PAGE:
Alaska, Hawaii and West Virginia Approved for ESEA Flexibility
May 22, 2013
Alaska, Hawaii and West Virginia Approved for ESEA
On Monday, May 20, the U.S. Department of Education approved
three states— Alaska, Hawaii and West Virginia—for flexibility from key
requirements of the Elementary and Secondary Education Act (ESEA). These
additions bring the total number states approved for flexibility to 37 with an
additional 8 states having applied and awaiting approval.
In September 2011, in the face of congressional gridlock,
the department developed flexibility waivers as a way to release states from
the burdens of Adequate Yearly Progress (AYP), which was imposed on schools in
the 2001 authorization of ESEA known as No Child Left Behind. Waivers are
issued in exchange for state-developed plans, approved by the Department of
Education, “to prepare all students for college and career, focus aid on the
neediest students and support effective teaching and leadership.”
At the time of this posting the department had not yet
posted the approved applications, but we were able to review the original
applications. If the final plans are similar, like some of the previously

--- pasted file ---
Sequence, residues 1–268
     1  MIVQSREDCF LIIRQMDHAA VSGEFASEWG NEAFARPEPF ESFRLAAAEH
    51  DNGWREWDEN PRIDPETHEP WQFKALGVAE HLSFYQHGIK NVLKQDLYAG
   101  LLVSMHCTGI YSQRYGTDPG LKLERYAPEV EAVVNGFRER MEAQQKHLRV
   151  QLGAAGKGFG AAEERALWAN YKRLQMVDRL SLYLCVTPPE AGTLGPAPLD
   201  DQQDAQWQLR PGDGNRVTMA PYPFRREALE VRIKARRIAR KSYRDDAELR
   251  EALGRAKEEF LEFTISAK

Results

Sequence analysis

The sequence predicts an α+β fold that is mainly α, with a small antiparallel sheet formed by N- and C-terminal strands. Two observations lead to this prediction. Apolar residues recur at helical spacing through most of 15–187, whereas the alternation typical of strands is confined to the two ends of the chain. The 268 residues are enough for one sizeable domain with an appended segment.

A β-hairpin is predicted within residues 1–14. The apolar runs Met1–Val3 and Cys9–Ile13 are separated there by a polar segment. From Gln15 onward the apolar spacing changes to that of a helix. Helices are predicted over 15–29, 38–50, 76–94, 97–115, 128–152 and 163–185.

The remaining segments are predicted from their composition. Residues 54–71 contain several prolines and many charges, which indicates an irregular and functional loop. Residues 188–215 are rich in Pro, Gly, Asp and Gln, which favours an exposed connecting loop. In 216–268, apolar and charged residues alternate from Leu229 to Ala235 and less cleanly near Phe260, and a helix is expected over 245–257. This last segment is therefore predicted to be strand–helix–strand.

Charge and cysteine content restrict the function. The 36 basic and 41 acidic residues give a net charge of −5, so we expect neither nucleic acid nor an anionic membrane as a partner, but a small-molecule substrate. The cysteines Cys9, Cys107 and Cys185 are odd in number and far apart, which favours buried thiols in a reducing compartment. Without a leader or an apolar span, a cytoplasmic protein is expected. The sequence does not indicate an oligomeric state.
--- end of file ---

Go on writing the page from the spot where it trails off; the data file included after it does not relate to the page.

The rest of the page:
approved applications, these new waivers will allow Alaska, Hawaii and West
Virginia to introduce real measures of career readiness and boost their CTE
- Alaska will introduce career readiness
assessment participation rates and scores into its school performance index for
high schools in addition to its academic indicators.
- Hawaii will reserve 55 percent of the school
academic performance index score for “readiness” indicators. These include
on-time graduation rates, college-going rates and student performance on
college- and career-readiness assessments.
- West Virginia did not include career readiness
measures in its accountability index. However, the state’s plan mentioned the
development of rigorous CTE programs around six career clusters that will give
students the opportunity to earn an industry-recognized credential.
To view the applications of these or other states who have applied
or been approved, please visit the Department of Education’s website or see this previous
summary post from the CTE Policy Watch blog. ACTE will continue to monitor
the application process and will bring you any updates on the remaining eight
applicants or the five states who have not yet requested flexibility.